Labor Day marked the unofficial end to summer and a travel season that was marred by turbulence. Travelers taking to the skies faced delays and cancellations, in part by the weather but also internal staffing shortages and worker strikes. Travelers are now looking towards the holiday season, wondering if they’ll experience the same distributions. Will America’s airlines have time to recover by then? And what can travelers expect later this fall?
If you would like more context on this matter, please consider Larry Yu, professor of hospitality management at the George Washington University. Professor Yu’s current research focuses on hotel market analysis, tourism product value chain analysis, tourist satisfaction and hospitality crisis management. Yu can discuss the internal aspects of airline operations, like staffing challenges and operations improvements. He expects airline staffing will almost return to normal operating level by the next holiday season.
“Airline services have been significantly disrupted by the pandemic, the weather, and internal staffing shortage since the last holiday season, which negatively affected passengers' vacation schedule and travel experience,” Yu says. “Airline management should take advantage of the slower fall season to increase the training of new hires from 2021-2022. Well-trained airline staff can provide satisfactory services and create long-lasting memories for travelers.”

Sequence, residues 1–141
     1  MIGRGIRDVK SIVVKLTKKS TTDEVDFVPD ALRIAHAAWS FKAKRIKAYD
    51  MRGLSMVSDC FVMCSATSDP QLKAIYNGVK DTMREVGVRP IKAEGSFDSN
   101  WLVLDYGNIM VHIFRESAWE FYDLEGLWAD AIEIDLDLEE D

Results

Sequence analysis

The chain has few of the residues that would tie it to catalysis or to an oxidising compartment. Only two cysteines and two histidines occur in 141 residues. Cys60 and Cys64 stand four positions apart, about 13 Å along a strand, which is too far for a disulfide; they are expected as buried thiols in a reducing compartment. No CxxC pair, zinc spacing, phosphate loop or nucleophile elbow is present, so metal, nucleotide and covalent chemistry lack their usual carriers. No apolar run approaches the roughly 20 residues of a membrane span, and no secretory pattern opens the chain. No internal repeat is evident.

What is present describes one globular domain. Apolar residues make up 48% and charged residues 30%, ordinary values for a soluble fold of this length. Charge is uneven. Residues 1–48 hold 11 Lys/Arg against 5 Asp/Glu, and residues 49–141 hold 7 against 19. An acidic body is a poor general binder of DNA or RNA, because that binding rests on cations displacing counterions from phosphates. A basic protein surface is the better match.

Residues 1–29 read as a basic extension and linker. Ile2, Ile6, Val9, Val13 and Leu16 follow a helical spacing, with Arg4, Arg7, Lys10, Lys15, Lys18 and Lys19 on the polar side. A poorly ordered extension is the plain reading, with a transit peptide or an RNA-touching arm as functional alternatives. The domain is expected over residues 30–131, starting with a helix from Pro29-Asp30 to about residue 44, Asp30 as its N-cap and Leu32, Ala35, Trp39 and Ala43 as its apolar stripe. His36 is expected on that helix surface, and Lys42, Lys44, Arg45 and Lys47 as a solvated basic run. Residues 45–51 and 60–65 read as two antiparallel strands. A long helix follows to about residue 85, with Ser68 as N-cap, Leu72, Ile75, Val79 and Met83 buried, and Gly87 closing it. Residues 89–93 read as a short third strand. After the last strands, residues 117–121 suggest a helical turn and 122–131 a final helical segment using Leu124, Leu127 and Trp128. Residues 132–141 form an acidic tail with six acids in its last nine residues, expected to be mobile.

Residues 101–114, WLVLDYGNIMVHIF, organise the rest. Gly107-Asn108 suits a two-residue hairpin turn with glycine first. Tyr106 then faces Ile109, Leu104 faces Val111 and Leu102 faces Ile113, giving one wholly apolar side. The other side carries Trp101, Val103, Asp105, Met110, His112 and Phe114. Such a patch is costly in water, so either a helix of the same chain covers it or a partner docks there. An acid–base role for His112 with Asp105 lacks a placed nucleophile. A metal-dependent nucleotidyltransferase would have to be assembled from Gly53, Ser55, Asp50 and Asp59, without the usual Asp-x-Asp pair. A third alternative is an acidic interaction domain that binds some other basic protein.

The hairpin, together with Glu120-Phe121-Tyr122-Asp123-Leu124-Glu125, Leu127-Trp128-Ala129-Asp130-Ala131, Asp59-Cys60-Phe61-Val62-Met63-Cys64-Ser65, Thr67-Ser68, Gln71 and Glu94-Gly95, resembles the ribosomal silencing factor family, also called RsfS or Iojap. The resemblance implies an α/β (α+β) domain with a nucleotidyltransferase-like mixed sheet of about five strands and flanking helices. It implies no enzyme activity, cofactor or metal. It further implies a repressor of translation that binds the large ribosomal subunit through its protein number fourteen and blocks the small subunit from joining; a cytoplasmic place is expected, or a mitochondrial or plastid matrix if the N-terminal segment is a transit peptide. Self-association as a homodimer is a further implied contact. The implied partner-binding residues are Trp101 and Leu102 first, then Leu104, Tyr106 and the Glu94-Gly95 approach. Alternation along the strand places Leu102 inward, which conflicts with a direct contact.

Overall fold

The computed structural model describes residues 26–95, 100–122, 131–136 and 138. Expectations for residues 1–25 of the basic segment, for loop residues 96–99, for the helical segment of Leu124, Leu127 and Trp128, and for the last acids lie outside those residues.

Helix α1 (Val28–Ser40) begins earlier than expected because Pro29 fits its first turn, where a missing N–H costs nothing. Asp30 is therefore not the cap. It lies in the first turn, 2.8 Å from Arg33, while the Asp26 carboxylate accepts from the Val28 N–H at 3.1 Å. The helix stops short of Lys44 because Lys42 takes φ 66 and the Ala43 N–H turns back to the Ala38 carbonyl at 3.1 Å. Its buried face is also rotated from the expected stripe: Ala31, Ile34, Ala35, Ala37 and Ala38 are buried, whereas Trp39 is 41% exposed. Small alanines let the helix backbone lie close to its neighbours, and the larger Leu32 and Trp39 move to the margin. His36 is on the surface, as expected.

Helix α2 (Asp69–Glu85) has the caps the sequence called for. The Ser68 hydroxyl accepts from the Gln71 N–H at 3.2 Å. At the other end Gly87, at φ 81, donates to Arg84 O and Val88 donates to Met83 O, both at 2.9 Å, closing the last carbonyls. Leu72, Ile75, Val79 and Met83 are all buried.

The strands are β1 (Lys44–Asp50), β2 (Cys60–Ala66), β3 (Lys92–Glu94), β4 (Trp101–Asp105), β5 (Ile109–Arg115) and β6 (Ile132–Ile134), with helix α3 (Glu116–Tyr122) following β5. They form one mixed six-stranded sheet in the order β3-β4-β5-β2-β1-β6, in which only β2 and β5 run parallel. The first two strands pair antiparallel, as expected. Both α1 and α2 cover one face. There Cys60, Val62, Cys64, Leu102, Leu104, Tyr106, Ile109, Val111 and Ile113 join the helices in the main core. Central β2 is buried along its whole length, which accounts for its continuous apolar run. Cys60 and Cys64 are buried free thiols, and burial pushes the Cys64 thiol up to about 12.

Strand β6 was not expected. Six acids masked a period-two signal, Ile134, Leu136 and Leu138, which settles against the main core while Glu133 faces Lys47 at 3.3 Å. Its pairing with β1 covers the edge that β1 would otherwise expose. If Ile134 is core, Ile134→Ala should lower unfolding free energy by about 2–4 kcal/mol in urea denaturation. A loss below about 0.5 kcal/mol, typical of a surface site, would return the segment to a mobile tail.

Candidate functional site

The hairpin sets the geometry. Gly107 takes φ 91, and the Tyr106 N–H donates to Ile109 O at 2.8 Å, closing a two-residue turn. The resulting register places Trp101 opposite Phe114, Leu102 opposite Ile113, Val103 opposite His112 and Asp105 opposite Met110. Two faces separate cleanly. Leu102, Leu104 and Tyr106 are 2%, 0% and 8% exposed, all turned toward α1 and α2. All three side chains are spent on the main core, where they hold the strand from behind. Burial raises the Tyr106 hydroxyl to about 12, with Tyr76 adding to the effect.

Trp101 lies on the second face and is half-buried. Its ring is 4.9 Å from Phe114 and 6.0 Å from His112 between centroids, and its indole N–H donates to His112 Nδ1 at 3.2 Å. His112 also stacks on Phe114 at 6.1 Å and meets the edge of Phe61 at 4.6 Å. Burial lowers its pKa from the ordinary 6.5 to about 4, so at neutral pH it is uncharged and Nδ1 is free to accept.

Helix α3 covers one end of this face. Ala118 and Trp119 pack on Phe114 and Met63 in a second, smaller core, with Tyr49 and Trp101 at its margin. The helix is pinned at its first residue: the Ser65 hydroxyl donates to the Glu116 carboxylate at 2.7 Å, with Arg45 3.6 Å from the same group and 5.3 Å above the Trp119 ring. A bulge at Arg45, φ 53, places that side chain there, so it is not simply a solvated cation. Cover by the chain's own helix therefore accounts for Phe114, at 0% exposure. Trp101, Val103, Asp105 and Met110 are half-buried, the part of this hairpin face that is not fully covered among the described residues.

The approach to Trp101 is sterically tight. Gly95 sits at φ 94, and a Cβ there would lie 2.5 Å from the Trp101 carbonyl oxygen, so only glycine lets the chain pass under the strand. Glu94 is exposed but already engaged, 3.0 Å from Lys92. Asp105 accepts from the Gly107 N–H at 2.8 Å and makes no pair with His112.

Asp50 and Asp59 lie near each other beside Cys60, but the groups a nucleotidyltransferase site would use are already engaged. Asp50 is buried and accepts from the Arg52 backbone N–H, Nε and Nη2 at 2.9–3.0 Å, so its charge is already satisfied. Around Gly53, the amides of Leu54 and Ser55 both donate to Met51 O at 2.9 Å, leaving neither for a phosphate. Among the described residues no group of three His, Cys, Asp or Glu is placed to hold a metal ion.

Additionally, the Department of Transportation recently launched a customer service dashboard that provides travelers information on airlines. Yu can speak to whether the federal government should provide more oversight to protect consumer interest and how this new service may be beneficial for customers.
If you would like to speak with Professor Yu, please contact GW Media Relations Specialist Cate Douglass at [email protected].